Resource Lesson
Continuous Charge Distributions: Electric Potential
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We have already derived in an earlier lesson that the electric potential at a distance r from a point charge is given by the formula
We will now construct a method to calculate the electric potential resulting from a continuous charge distribution in a similar fashion to how we developed expressions for the electric field due similar distributions.
Construct a diagram with a coordinate set of axes
Locate the point at which we want to calculate the absolute potential and label appropriate distances
Divide the total charge distribution into small charge segments (deltaq)
Develop an expression for one piece and then sum up the contributions for all of the charge segments
Replace the sum of the charge segments with an integral incorporating expressions for the charge density and an appropriate infinitesimal (ds, dA, dV).
Integrate and simplify
We will use this technique to calculate the electric potential along the axes of a thin ring of charge, a uniformly charged disk, and a concentric set of cylinders.
Uniformly Charged Ring
Suppose we have a ring of charge with a uniform charge distribution, λ, and radius a. We will now develop an expression for the electric potential at a position on the positive x-axis, at point P in the following diagram.
Since the ring has a uniform distribution of charge, we know that the total charge equals
allowing us to write an expression for the electric potential at point as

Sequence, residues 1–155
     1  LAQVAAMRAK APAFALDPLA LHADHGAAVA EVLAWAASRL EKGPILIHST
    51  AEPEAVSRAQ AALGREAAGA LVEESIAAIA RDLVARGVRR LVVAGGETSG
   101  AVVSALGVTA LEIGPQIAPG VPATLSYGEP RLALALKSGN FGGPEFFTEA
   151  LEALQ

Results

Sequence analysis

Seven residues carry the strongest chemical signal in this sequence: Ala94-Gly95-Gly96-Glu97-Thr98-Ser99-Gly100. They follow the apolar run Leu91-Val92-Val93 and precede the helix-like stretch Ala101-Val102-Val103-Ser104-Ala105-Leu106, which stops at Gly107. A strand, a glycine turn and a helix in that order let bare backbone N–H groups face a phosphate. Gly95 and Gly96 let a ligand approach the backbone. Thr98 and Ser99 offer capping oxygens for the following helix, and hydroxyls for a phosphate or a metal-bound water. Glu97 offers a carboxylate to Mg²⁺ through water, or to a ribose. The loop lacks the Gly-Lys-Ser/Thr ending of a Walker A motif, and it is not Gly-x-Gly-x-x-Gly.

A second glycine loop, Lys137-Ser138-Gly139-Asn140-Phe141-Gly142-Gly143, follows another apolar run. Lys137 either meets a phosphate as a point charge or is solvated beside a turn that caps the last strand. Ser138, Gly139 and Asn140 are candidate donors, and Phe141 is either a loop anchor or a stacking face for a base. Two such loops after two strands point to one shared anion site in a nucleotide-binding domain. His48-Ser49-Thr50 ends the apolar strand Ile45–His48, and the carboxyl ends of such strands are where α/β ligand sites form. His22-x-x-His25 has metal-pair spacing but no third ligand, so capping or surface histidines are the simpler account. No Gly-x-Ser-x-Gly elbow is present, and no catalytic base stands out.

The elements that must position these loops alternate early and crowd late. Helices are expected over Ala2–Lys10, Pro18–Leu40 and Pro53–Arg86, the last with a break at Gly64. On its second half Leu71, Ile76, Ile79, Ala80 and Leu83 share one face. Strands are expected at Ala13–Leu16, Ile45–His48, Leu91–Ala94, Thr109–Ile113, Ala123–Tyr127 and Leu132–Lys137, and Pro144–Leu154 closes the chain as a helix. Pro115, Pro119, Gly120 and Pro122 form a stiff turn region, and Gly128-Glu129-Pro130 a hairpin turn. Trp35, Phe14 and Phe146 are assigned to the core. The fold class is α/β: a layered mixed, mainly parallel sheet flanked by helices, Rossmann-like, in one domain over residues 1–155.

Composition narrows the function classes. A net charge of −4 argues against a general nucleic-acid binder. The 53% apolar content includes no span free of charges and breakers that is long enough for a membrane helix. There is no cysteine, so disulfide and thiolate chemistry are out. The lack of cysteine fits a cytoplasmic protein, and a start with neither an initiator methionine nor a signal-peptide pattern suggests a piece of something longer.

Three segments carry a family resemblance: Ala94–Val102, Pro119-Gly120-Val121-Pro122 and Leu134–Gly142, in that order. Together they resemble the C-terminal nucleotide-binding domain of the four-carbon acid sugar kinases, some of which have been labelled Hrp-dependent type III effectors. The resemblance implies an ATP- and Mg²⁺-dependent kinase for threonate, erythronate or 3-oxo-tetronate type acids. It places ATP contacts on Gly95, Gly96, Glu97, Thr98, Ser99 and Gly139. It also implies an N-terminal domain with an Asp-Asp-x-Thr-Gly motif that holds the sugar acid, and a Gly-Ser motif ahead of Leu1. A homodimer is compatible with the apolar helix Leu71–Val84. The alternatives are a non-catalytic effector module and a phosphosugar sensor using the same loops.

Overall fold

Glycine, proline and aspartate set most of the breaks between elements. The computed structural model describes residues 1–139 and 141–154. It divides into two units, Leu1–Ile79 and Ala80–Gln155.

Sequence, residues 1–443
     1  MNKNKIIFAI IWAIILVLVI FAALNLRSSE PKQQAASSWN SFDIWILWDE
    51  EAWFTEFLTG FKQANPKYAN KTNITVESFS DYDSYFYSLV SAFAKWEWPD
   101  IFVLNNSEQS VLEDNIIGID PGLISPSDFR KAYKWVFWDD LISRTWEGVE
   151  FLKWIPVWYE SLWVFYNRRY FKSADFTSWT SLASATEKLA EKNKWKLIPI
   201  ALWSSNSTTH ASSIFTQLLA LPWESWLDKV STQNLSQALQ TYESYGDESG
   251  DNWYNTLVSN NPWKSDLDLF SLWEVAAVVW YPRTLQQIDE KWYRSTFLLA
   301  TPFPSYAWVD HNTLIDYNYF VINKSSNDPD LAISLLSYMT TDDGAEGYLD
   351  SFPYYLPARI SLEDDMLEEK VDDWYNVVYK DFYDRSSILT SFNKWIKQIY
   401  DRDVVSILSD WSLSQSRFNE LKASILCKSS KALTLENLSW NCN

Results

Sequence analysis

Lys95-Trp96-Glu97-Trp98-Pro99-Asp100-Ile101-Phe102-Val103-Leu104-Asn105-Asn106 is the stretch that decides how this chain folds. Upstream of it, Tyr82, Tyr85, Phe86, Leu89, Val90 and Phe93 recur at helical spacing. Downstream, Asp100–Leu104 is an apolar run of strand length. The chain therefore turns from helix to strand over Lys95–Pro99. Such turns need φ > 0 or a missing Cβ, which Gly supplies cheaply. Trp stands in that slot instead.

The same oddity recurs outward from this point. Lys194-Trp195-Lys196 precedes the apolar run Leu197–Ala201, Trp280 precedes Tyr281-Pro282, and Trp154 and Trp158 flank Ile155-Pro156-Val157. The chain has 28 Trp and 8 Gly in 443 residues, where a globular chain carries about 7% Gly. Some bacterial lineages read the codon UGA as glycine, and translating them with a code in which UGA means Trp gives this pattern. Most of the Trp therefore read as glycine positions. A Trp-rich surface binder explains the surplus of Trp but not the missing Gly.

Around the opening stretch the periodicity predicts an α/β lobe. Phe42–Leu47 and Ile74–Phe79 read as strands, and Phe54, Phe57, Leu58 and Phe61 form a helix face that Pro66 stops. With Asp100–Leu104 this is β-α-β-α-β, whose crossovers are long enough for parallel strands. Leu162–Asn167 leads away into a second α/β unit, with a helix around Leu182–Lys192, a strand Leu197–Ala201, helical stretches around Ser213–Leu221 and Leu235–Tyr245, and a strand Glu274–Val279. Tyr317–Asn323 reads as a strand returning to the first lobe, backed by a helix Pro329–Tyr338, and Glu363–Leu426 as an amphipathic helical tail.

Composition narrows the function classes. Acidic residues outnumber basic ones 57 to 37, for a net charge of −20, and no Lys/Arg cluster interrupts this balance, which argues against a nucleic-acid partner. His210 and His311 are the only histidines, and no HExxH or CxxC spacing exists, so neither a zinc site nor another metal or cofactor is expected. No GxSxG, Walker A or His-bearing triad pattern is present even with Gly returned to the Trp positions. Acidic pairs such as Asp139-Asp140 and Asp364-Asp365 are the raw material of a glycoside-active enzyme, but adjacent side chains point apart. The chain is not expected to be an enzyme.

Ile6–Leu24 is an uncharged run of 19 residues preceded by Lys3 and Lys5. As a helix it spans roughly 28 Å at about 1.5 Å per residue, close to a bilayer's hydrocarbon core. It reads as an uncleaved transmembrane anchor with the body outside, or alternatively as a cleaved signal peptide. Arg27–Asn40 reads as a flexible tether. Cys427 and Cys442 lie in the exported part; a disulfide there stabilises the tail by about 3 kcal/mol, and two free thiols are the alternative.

If we let x = 0, then we find that the potential at the center of the ring equals
Refer to the following information for the next three questions.
Suppose you have a 5 µC uniformly-charged ring of radius 10 cm whose origin is coincident with the origin. A small particle of mass 4 x 10
^{-6}
kg, having a charge of 2µC, is placed on the x-axis (the axis of the ring) at a distance of 20 cm.
What is the voltage of the ring at the particle's position?
What is the particle's initial potential energy?
When the particle is released, what will be its final velocity when it is a "great distance" from the ring?
Uniformly Charged Disks
To find the potential of a thin, charged disk having a uniform surface charge σ and radius R, start by placing its axis along the x-axis and build the disk from a series of charged rings.
Each ring will have a surface area of its circumference multiplied by its thickness, or
where the radius of the selected ring is a and its radial thickness is da. The charge carried on this charge segment would equal
where
With this initial setup, we can use our result for the potential of a thin ring to integrate from a radius of a = 0 to a = R to calculate the voltage due to the entire disk.
To integrate, use substitution where
and
this will now give us our conclusion:
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